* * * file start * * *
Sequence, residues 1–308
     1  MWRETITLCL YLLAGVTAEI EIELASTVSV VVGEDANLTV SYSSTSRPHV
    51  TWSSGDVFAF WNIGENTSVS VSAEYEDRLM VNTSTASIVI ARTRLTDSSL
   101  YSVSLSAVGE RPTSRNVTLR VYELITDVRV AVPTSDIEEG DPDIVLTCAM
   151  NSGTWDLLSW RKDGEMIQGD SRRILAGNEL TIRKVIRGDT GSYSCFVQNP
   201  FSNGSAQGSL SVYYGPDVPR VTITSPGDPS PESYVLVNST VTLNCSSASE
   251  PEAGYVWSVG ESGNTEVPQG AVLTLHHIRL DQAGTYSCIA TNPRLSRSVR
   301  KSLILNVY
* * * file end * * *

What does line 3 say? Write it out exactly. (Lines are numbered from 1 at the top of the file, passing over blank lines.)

    51  TWSSGDVFAF WNIGENTSVS VSAEYEDRLM VNTSTASIVI ARTRLTDSSL